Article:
Since exceeding the maximum speed limit is dangerous to the public, police officers at least turn on their lights in order to alert other drivers on the road to the heightened level of danger. This measure counter acts, in the best way possible, the negative effects of the officer's need to travel at a dangerous speed. All of this makes perfect sense. This however, is not reality. That would have been nice wouldn't it?
Now is the point where you either stop reading this or wonder to yourself where I've said something that is not a part of our reality. When was the last time a police officer passed you on the interstate? Or was going the same elevated speed as everyone else through a school zone? This would fall under that exception that allows police officers to exceed the maximum allowable speed. The logical succession would follow that that police officer has his lights and maybe even his siren on. When was the last time you saw a cop do that?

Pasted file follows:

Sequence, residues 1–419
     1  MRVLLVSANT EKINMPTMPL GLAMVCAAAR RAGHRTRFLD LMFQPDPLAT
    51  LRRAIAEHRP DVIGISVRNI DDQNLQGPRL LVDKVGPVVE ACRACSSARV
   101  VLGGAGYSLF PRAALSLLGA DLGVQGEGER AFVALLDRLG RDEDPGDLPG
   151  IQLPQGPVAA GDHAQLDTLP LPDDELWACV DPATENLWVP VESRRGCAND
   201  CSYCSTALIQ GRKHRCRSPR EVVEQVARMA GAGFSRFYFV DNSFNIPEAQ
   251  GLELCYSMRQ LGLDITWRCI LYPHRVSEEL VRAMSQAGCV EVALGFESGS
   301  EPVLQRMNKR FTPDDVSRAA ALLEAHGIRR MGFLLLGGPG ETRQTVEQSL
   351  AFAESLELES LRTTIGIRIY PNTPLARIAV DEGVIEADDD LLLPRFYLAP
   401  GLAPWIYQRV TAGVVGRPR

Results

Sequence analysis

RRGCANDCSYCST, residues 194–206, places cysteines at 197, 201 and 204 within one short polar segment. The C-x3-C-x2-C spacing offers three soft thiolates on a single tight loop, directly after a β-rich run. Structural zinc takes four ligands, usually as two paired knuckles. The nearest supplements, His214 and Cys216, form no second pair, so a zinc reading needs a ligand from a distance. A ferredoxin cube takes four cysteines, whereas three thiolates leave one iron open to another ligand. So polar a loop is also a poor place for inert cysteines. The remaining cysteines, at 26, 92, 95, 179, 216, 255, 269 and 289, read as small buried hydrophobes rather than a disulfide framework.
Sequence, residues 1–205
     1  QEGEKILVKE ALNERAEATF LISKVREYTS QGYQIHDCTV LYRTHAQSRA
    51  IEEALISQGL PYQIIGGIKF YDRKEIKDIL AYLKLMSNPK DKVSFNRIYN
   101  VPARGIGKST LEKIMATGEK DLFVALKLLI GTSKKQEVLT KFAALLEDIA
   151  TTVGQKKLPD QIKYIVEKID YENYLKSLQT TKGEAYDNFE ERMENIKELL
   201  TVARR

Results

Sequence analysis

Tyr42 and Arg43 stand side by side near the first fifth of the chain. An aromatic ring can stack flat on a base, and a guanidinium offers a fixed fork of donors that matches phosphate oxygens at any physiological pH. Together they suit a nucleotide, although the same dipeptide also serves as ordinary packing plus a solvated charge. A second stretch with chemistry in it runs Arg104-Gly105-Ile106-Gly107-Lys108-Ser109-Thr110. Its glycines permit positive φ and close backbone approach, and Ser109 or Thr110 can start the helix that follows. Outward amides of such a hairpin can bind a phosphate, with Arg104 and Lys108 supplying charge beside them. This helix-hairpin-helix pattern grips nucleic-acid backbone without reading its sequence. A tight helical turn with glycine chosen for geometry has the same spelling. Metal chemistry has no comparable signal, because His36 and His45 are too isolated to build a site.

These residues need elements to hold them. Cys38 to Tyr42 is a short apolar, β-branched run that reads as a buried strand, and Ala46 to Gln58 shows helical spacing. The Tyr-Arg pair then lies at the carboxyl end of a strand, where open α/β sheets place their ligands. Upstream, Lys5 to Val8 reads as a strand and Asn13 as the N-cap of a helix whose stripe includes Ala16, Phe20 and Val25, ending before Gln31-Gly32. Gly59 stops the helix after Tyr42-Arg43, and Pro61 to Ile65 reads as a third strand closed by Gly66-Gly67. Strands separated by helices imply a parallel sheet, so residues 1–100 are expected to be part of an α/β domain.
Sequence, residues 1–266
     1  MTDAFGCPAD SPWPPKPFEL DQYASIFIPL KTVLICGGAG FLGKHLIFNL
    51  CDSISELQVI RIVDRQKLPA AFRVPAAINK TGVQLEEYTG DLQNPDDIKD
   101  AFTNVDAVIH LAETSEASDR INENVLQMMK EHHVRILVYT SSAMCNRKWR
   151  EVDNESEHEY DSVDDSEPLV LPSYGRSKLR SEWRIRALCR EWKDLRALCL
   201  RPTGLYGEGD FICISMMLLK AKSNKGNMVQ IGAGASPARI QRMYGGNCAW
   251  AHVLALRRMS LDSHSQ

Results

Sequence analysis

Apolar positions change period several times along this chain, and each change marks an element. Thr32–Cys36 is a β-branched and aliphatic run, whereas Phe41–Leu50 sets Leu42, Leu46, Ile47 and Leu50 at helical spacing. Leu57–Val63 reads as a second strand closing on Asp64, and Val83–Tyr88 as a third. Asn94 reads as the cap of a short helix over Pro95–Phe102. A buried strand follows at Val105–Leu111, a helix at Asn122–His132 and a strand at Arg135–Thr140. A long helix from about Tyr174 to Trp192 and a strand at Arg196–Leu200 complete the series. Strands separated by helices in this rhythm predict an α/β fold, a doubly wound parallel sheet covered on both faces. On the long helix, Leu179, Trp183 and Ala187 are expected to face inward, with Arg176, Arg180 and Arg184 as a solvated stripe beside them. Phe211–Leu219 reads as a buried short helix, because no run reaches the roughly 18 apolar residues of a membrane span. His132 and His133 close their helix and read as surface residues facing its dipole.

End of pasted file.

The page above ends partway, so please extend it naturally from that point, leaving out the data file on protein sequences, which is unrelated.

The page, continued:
The point is that police officers often abuse their exception, but fail to turn on their lights. This fact can only lead to one of two conclusions: (1) either his lights are not on because the level of danger is not elevated by his speeding or (2) the officer is choosing not to turn on his lights even though his actions are making the roads more dangerous. 
Conclusion 1 leads into an argument that since it is not dangerous to drive at elevated speeds, the speed limit has been imposed unnecessarily and should be increased until the danger is truly increased. Wouldn't that be nice!
The second conclusion can only mean that the police officer is willfully disobeying his oath to serve and protect the public. In this case, the obvious recourse is that the officer is not fit for his public duty and cannot be trusted with the safety of the public.
The strange thing is, neither of these actions is taking place. (I love logic.) This means that, logically, those responsible for either raising the speed limits on our streets are not fullfilling their duties and should be removed from office, or that those responsible for reprimanding and maintaining the quality of our finest are not doing their job and should also be removed from office. 
And now, for my conclusion: our voters are apathetic and those in office know it. This is why they abuse the privileges we've given them: because they fear no reprimand. If you've followed the logic, I only want to make one other point: 1 + 1 = um... well, you figure it out.